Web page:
Monday, March 10, 2008

How to start a Trivial-FTP server on Solaris 10

Managing network services under Solaris 10 is a bit different to what it used to be with older Solaris releases. As an example I will show how to set up a Trivial FTP server.

The tftp service software ships with Solaris, but is not configured by default. In my work I need a tftp server quite often, for example it is used to update flash firmware on the system controllers on some of Sun's server systems.

With Solaris 10 you need to define a “SMF service manifest” ... something which can be as complex or as simple as you want it to be. You will find a commented entry for a tftp service in the /etc/inetd.conf file, but simply un-commenting and sig-HUPing inetd it is not enough to start the service. You need to manage the service through the SMF tools.

Solaris 10 ships with a very handy tool to convert inetd.conf entries to SMF service manifests, in the form of the inetconv command.

Make a copy of the /etc/inetd.conf file, eg in /tmp and edit it to un-comment the tftp service entry. You can do some basic customizing, eg to the startup options for the service program, eg if you want to use a non-default directory for the service, change the definition on the line to reflect this. If there are any other service entries in this file you should remove them before continuing, leaving only the entry for the service that you are busy configuring. In the below example I set /export to be the tftp base directory:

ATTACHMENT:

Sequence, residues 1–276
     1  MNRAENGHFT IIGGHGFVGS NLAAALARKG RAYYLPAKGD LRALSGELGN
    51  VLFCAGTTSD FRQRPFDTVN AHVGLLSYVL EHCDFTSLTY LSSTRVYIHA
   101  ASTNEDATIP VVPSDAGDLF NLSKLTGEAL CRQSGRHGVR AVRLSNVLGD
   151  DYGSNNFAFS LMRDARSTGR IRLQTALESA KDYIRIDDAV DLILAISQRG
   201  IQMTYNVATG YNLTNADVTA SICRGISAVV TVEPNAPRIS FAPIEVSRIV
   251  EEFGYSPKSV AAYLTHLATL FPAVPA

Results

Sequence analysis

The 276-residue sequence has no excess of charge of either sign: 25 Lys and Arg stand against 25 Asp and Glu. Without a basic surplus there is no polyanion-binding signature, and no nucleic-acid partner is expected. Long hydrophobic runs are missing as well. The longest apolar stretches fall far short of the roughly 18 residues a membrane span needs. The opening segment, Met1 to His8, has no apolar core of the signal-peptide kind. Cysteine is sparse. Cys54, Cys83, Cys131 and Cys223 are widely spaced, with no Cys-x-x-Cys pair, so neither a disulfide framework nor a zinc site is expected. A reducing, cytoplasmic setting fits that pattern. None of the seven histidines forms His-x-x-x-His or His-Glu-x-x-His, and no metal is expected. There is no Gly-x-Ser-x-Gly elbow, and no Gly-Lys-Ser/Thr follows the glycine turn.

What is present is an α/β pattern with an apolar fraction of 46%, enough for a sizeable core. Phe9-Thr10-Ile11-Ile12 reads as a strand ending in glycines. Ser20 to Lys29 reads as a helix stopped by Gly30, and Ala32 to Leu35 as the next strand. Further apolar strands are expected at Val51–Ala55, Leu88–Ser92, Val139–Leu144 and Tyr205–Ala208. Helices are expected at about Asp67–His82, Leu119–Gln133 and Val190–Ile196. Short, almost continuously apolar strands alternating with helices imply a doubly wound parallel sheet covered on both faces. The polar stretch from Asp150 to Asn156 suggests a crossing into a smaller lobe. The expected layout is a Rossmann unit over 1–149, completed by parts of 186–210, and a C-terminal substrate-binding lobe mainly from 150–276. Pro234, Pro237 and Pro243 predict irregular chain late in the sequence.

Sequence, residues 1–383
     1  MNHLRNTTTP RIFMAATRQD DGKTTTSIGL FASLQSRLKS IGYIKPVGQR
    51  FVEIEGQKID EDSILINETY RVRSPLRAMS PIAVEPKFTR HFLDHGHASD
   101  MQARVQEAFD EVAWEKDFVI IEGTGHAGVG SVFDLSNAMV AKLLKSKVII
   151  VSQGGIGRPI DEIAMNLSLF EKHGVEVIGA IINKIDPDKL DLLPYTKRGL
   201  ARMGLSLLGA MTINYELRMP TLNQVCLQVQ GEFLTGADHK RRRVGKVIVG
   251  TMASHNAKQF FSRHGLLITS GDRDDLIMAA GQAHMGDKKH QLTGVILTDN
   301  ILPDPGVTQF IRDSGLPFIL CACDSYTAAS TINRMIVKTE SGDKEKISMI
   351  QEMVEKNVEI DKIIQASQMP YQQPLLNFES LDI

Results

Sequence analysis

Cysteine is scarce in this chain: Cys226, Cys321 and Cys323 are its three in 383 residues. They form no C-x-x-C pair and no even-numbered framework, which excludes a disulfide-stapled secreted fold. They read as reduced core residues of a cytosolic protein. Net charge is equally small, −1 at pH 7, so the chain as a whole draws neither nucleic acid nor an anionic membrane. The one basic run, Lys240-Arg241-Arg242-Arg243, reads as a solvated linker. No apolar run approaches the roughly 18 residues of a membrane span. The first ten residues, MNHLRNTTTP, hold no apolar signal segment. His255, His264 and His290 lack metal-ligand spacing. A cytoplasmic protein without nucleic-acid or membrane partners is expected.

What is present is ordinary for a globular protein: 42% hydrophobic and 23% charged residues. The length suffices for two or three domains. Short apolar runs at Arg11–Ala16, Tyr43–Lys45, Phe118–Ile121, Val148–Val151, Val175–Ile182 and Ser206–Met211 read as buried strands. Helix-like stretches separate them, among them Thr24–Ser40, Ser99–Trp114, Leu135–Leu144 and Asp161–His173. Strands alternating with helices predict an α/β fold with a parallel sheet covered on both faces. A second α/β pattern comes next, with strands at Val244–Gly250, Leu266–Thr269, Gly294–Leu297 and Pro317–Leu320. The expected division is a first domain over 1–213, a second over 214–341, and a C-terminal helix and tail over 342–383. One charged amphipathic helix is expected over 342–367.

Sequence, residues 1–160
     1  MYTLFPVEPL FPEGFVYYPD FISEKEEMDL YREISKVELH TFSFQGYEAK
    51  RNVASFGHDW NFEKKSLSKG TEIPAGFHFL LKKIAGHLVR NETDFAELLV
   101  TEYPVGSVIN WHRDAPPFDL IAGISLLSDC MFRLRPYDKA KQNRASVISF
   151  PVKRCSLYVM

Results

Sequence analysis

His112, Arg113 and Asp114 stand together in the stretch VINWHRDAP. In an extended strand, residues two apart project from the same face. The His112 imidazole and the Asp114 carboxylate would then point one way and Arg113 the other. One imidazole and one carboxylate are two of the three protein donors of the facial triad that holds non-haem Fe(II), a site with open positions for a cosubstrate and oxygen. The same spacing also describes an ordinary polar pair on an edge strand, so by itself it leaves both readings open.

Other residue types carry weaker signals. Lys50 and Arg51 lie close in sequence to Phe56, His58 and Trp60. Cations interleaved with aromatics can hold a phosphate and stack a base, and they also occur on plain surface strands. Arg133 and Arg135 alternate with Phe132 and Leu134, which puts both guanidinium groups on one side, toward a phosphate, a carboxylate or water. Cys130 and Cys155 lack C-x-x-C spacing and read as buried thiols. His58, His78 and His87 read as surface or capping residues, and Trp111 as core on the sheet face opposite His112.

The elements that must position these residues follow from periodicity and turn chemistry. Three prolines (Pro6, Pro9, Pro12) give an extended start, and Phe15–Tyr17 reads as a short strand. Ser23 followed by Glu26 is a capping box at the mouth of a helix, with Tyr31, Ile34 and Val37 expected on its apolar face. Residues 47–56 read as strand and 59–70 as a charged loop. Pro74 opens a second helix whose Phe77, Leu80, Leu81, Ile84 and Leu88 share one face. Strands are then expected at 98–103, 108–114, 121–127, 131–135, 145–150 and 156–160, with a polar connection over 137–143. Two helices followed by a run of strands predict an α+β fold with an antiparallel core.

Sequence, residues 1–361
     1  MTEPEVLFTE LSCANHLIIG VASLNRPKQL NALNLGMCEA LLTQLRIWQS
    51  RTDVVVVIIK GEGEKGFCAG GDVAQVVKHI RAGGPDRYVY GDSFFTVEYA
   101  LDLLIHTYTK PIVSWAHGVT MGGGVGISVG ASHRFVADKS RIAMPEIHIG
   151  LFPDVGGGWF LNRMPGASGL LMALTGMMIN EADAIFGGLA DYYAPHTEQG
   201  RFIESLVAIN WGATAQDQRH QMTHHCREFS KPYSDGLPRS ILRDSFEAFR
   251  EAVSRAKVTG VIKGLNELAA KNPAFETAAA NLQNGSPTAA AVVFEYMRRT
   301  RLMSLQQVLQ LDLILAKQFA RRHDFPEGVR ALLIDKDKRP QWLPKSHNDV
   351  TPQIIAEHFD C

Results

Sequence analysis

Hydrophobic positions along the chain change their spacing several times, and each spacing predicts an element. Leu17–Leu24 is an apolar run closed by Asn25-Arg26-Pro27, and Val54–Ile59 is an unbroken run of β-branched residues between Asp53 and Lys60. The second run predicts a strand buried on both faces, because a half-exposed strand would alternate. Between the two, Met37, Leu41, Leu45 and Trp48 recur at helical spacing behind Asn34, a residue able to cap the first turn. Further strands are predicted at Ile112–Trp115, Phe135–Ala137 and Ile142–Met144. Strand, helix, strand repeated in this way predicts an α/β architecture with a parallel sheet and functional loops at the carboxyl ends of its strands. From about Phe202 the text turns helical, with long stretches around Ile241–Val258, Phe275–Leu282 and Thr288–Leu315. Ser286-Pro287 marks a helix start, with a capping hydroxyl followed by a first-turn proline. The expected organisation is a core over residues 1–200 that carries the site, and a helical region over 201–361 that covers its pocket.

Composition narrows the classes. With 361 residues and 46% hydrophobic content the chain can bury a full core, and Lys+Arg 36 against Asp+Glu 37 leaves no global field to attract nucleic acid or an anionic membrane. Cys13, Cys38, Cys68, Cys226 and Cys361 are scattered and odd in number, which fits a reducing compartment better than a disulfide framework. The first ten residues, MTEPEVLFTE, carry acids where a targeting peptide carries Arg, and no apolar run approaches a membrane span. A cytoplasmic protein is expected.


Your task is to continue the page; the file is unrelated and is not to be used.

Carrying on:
tftp dgram udp6 wait root /usr/sbin/in.tftpd in.tftpd -s /export

Then run inetconv, specifying the modified file you created, like this

Bash-3.2# inetconv -i /tmp/myservice_inetd.conf

The new service will be created as follow:

tftp -> /var/svc/manifest/network/tftp-udp6.xml

Importing tftp-udp6.xml ...Done

You can now check the service and start or stop it with the normal svc commands, like this:

bash-3.2$ svcs tftp/udp6


online 10:30:05 svc:/network/tftp/udp6:default

1 comment:

David Andrews said...

Thanks for the help! I want to use this for remote booting my HTPC's on my network out of my speedy ZFS pool.